Edward Scissorhands  -
Edward Scissorhands achieves the nearly impossible feat of capturing the delicate flavour of a fable or fairy tale in a live-action movie. The story follows a young man named Edward (Johnny Depp), who was created by an inventor (Vincent Price, in one of his last roles) who died before he could give the poor creature a pair of human hands. Edward lives alone in a ruined Gothic castle that just happens to be perched above a pastel-coloured suburb inhabited by breadwinning husbands and frustrated housewives straight out of the 1950s. One day, Peg (Dianne Wiest), the local Avon lady, comes calling. Finding Edward alone, she kindly invites him to come home with her, where she hopes to help him with his pasty complexion and those nasty nicks he's given himself with his razor-sharp fingers. Soon Edward's skill with topiary sculpture and hair design make him popular in the neighbourhood--but the mood turns just as swiftly against the outsider when he starts to feel his own desires, particularly for Peg's daughter Kim (Winona Ryder). Most of director Tim Burton's movies (such as Pee Wee's Big Adventure, Beetlejuice and Batman) are visual spectacles with elements of fantasy but Edward Scissorhands is more tender and personal than the others. Edward's wild black hair is much like Burton's, suggesting that the character represents the director's own feelings of estrangement and co-option. Johnny Depp, making his first successful leap from TV to film, captures Edward's child-like vulnerability even while his physical posture evokes horror icons like the vampire in Nosferatu and the sleepwalker in The Cabinet of Dr. Caligari. Classic horror films, at their heart, feel a deep sympathy for the monsters they portray; simply and affectingly, Edward Scissorhands lays that heart bare. --Bret Fetzer
On the DVD: Tim Burton is famed for his visual style not his ability as a raconteur, so it's no surprise to find that his directorial commentary is a little sparse. When he does open up it is to confirm that Edward Scissorhands remains his most personal and deeply felt project. The second audio commentary is by composer and regular Burton collaborator Danny Elfman, whose enchanting, balletic score gets an isolated music track all to itself with his remarks in-between cues. Again, for Elfman this movie remains one of his most cherished works, and it is a real musical treat to hear the entire score uninterrupted by dialogue and sound effects but illuminated by Elfman's lucid interstitial remarks. Also on the disc are some brief interview clips, a "making of" featurette and a gallery of conceptual artwork. The anamorphic widescreen print looks simply gorgeous. --Mark Walker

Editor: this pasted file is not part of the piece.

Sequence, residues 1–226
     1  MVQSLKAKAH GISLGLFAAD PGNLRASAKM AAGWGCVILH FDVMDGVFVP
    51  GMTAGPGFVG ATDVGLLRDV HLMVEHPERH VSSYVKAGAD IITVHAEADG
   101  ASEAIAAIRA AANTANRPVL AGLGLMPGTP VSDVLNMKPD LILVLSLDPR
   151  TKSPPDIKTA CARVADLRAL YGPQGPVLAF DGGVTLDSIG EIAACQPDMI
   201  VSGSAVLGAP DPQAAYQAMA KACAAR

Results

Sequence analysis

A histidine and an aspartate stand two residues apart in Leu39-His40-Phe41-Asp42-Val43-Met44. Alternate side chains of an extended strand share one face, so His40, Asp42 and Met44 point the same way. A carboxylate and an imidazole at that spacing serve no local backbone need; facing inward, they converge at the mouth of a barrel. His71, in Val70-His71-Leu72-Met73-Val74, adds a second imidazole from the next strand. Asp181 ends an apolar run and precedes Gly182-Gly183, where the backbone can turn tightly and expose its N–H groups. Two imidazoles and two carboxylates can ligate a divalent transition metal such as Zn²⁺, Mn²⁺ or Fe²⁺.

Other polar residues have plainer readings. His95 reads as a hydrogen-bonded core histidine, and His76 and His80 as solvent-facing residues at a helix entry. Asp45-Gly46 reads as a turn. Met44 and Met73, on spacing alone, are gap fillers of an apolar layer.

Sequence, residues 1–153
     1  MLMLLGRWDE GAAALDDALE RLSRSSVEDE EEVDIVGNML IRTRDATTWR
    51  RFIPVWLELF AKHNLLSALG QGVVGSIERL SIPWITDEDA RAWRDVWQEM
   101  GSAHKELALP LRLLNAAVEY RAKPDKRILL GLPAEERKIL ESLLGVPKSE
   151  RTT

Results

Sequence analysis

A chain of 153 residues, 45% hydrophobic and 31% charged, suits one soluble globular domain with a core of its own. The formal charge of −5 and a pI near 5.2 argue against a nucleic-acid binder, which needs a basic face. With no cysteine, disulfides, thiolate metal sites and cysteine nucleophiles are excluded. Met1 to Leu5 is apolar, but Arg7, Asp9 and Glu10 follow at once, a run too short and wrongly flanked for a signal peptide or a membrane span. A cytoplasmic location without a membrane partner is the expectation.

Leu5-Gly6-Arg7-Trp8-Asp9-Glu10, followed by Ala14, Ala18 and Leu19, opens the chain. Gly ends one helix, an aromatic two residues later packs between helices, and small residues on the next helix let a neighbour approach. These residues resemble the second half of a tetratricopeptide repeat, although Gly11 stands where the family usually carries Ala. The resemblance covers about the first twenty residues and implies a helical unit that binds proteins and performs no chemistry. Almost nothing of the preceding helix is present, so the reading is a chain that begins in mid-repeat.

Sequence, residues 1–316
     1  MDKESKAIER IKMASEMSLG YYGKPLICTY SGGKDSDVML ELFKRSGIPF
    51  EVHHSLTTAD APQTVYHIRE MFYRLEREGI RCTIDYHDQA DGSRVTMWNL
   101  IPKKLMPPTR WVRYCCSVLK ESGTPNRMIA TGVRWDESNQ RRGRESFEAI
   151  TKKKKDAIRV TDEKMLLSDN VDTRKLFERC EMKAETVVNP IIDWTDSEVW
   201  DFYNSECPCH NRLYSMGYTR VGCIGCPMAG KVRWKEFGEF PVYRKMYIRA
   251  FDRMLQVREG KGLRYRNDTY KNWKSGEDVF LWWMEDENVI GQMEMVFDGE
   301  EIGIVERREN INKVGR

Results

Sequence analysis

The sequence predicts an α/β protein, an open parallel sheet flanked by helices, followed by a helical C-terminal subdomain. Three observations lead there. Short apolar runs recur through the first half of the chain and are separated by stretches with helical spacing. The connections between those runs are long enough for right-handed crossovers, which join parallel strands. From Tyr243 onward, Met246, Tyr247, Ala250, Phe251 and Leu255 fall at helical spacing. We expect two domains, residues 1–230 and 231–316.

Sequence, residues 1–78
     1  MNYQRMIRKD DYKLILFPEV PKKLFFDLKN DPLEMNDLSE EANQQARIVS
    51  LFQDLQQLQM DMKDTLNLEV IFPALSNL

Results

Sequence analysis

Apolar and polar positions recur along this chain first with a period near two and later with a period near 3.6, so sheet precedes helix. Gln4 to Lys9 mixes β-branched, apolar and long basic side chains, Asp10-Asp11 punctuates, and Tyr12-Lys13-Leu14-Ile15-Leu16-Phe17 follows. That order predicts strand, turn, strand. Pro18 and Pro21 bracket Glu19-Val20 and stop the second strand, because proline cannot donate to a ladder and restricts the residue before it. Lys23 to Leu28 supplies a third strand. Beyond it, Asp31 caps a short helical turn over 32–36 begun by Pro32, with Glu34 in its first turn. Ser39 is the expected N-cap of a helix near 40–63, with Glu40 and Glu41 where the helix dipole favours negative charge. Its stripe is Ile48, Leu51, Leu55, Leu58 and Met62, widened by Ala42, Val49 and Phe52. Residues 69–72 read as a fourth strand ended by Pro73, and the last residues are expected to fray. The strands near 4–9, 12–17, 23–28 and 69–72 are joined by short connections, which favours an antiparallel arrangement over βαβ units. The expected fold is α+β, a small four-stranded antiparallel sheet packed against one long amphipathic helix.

Customer reviews (av rating: 5.0):
Awww : For some reason I never watched this film when I was younger but it's well worth seeing, even if you're now a 'grown up' like me. Beautiful film.
Very sad : I cried and cried after this movie finished. It was such a moving film but still very sad. It was quite dark too. I thought this should have been classified 15 not PG. This was a lot more nasty than Mr and Mrs Smith and Scary Movie 3 which were both classified 15. This is more of an adults film than a childs but nonetheless a brilliant movie. 4 out of 5.
"brilliant!" : This light-hearted, gothic fairytale is very original and highly entertaining. As ever Depp does a great job. A great film that can be enjoyed by all the family.
A classic : I bought this film in a sale for my partner knowing it would be her sort of film. I remembered watching the film as a child but i never really remembered any of the story line past it being about a man with scissors for hands.
I sat down grudginly to watch this film thinking i would probably find it boring but was very pleasently suprised to find myself enjoying it. I found that i cared for the characters and wanted things to work out well for them.
The music fits the film perfectly and helps to build and maintain the atmosphere of the film.
This is a film for the whole family to enjoy it is as great a film now as it was when it was released and manages to not look dated in the slightest.
Depp Stars in Burton Fairytale : Before Pirates of the Carribean, Johny Depp was better known in his role as
Edward Scissorhands. This is a very touching tale with a mixture of Frankenstein, Peter Pan, Pinocchio and Beauty & The Beast.
Edward looks a menacing figure with his scissor hands but is really a gentle being with the mind of a kid. Ryder is his love interest and this film weaves a very innocent love story. The ending is memorable yet sad.
Shows that Depp shines when given the right script.Money isn't everything.
Buy "Edward Scissorhands " now!